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Tuesday Game Room: Second Son Edition

Open world superheroics! Tactical Espionage! Beanies! Cardboard Boxes! March Madness continues as the PS4 takes centre stage for its first big post-launch exclusive. Whether you're heading to Seattle or sneaking into Camp Omega this week, it's time for another edition of Tuesday Game Room!

What have you been playing this week?

It's been a quiet week for me, as I try to finish off a few gear upgrades on my Hunter in WoW, and play a few rounds of Hearthstone now that it's finally out. I'm sort of in limbo at the moment, waiting for inFamous but with nothing really to 'complete', game wise. Also, it's been really hard trying to avoid inFamous spoilers now that copies of the game are in the wild. I've managed so far, but the next few days are going to be a challenging wait.


I've been biding my time by not returning to a game to distract myself, but with a game soundtrack - Classic FM's 2 hour video game special over the weekend reminded me just how much I enjoyed Bioshock Infinite's soundtrack beyond the actual songs and old-timey remakes of pop hits, so I've pretty much had it playing non-stop while I've been off cooking or writing or studying. Gary Schyman's BAFTA-winning work for the game, especially his strings-only pieces, is so complex in its composition and so wonderfully performed, it's thoroughly enjoyable to listen to beyond their context within the game - something that truly separates a great soundtrack from a good one. Elizabeth is the track that's been getting the most plays:

New Releases!

InFamous: Second Son is this week's big title, with a rare Friday worldwide release (now you know how it feels, America!) for Sucker Punch's Seattle based superheroic sandbox. With pre-release buzz high, will InFamous do for the PS4 as Titanfall is doing for the Xbox One? We'll have to wait and see. Meanwhile this Tuesday also sees a bevy of releases - Metal Gear Solid V: Ground Zeroes hits both Current and Last-generation systems as a (controversially short) prequel to The Phantom Pain, the wacky spinoff Yaiba: Ninja Gaiden Z arrives on PC, 360 and PS3, and PC, PS3 and Vita users get Vlambeer's retro-steampunk aerial shooter Luftrausers.

Finally, the PS3 and Vita see the long awaited release of Final Fantasy X|X-2 HD Remaster, available as a collection or separately (on Vita). It pains me that I don't have access to something that can replay one of my favourite games of all time at the moment, so I'm just going to vicariously live through the stellar soundtrack.

And now, the News

Once again it's time for a few select picks from the last week of Gaming news, via Eurogamer:

  • There is now a man with 1 million Gamerscore on Xbox Live - Raymond Cox, perhaps better known by his Gamertag Stallion83, has spent the past 8 years on a quest to hit the million-mark, which he finally completed in a Twitch livestream last week. In a fitting piece of symbolism, the achievement that got him dead on to the 1,000,000 Gamerscore was Titanfall's 'I Like a Challenge'. This makes my 50-odd thousand look a bit paltry.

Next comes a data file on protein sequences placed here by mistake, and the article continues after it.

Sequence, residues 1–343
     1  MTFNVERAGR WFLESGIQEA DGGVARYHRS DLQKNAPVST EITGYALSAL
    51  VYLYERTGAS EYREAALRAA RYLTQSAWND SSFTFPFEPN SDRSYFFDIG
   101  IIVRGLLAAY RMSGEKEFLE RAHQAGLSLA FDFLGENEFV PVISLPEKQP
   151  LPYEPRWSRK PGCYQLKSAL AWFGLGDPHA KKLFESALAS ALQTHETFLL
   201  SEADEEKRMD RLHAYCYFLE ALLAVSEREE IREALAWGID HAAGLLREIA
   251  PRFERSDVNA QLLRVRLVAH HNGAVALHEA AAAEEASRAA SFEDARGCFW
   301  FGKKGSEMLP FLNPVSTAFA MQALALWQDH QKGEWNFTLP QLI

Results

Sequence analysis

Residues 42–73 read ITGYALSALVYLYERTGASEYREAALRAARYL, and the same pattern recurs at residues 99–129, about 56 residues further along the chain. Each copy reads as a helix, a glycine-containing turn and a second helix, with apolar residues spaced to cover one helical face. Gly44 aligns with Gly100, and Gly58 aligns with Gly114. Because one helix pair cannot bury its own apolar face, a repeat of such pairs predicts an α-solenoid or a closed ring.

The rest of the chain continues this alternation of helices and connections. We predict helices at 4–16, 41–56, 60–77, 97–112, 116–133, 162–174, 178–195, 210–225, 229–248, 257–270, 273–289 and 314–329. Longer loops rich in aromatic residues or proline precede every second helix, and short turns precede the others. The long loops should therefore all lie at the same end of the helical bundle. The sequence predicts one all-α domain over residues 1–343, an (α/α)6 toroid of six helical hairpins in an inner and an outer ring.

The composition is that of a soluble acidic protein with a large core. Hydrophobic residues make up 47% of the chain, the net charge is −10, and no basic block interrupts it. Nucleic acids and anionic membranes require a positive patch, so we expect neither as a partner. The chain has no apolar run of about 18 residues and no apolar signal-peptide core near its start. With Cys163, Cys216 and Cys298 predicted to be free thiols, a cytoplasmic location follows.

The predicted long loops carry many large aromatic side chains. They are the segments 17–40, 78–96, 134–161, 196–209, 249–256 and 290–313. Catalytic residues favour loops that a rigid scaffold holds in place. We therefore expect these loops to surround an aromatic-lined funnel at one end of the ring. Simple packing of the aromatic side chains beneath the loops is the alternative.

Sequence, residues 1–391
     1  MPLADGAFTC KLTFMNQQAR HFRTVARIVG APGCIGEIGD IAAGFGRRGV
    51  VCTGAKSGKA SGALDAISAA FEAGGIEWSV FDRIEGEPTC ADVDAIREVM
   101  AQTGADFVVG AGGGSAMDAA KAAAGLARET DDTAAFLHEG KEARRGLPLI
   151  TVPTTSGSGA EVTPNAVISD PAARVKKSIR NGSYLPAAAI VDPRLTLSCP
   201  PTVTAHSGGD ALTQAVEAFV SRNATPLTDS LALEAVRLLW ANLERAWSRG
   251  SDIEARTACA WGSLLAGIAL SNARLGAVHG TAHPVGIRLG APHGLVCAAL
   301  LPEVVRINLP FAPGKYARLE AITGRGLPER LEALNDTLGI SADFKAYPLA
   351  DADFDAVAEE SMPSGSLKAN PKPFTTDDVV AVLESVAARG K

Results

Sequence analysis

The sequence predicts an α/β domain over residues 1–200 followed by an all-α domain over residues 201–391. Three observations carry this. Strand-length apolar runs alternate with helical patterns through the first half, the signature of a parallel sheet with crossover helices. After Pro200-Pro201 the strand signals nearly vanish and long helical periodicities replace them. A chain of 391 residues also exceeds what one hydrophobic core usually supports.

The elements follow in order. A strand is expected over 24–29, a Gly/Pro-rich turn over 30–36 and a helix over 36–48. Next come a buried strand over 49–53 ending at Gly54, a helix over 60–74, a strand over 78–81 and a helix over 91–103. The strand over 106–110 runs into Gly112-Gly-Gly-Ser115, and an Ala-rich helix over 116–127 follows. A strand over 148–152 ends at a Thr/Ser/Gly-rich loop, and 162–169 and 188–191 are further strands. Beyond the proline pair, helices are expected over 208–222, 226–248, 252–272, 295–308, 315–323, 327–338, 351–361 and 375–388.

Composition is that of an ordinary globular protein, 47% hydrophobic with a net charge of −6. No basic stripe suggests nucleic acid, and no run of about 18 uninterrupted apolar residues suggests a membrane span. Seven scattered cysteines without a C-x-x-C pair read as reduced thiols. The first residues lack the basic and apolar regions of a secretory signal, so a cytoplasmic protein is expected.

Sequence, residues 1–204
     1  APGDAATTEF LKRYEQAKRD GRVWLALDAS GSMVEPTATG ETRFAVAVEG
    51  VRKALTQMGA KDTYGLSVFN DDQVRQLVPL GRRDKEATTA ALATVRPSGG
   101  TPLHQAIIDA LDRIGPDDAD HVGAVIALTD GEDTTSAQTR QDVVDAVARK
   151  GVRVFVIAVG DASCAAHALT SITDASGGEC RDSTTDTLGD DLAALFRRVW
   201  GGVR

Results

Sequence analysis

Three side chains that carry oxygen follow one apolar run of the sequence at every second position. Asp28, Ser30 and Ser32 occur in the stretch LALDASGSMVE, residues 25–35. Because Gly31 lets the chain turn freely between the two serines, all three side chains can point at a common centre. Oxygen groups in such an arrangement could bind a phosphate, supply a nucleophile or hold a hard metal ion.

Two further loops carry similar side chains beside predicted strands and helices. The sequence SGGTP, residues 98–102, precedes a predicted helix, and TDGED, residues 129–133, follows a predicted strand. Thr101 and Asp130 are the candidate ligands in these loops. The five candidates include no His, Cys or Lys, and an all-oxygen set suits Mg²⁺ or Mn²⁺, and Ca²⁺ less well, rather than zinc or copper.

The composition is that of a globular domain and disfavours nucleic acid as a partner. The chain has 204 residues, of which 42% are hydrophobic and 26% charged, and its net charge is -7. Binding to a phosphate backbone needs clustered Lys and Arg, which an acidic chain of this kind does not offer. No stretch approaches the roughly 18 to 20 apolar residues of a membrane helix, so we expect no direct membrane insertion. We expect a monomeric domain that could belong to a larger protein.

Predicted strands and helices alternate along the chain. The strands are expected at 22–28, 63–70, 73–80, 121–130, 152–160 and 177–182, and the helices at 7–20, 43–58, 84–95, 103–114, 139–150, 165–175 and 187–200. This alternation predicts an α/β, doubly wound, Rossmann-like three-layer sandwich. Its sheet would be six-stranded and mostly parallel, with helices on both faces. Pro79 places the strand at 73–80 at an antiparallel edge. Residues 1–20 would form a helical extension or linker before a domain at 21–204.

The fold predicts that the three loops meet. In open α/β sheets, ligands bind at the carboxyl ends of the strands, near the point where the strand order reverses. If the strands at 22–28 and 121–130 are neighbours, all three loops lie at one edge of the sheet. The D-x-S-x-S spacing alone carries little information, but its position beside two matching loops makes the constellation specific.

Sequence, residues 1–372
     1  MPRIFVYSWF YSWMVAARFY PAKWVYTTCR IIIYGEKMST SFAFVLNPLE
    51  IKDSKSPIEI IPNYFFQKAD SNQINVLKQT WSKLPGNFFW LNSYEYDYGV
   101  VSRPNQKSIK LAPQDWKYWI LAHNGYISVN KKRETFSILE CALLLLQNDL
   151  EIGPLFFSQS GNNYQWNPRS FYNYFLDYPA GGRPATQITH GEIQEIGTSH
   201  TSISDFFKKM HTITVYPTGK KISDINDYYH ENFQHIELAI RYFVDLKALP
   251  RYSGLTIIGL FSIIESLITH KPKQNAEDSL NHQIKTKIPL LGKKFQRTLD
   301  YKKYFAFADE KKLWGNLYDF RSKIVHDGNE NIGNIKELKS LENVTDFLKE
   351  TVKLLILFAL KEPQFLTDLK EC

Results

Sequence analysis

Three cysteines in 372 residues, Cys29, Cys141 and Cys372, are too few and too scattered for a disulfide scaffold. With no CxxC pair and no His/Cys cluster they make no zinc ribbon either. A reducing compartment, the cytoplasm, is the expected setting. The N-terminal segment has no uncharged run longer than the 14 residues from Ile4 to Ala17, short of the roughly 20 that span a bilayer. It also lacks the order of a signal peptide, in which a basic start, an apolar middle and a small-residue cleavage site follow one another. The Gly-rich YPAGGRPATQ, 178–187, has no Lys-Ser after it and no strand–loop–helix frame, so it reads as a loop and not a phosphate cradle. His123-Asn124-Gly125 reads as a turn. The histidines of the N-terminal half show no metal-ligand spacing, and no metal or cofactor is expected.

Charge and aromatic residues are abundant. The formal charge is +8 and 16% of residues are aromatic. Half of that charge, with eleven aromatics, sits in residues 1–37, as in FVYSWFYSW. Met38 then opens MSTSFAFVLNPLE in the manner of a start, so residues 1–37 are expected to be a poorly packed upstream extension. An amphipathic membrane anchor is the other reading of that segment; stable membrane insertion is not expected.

• The team behind Magicka are rebooting Gauntlet - Yes, the Gauntlet. The 1985 Arcade classic is coming back thanks to Warner Bros. and Arrowhead Studios, the developer behind the wonderfully irreverent Magicka games and the upcoming Helldivers. They've got the pedigree, and this PC-exclusive actually looks surprisingly cool going by the trailer.
  • As the book closes on Herschel Layton, a look back at Nintendo's charming puzzle master - With the release of Professor Layton and the Azran Legacy, the story of Professor Layton's adventures over the past two trilogies of games has come to an end, even if Level-5 wish to carry on with the franchise without him. The Guardian's Simon Parkin looks back on how the series came to be with Akihiro Hino.
  • A year later, SimCity has an Offline mode - If you're still somehow playing EA's disastrous 2013 relaunch of Maxis' city building simulator, then good news: The imminent Update 10 now allows the game to be played offline, with a single player given control over multiple cities in a region (previously each city would be occupied by different players), a fixed global market, and locally stored save files. It's been a long road for SimCity, one marked by controversy and the repeated claim that it would be impossible to revert the games' always-online nature. Looks like if enough people shout for long enough, the impossible becomes possible.

We'll be back this time next Tuesday for more gaming discussion, but for now, sound off in the comments with the games you've been playing, and what you're looking forward to this week - and don't forget to join us on Steam!

Just one thing before I go - this edition of TGR is the 53rd I've posted to Kinja, marking almost exactly a year to the day that I rebooted our weekly talk of all things video games. Creating a consistent weekly regular post is something I hadn't done before, and the process of writing Tuesday Game Room has been a really fun learning experience for me - and hopefully you guys who've been reading and commenting week in, week out have enjoyed it just as much. I just wanted to say thank you for your continued readership and support. Here's to the next year, and beyond!


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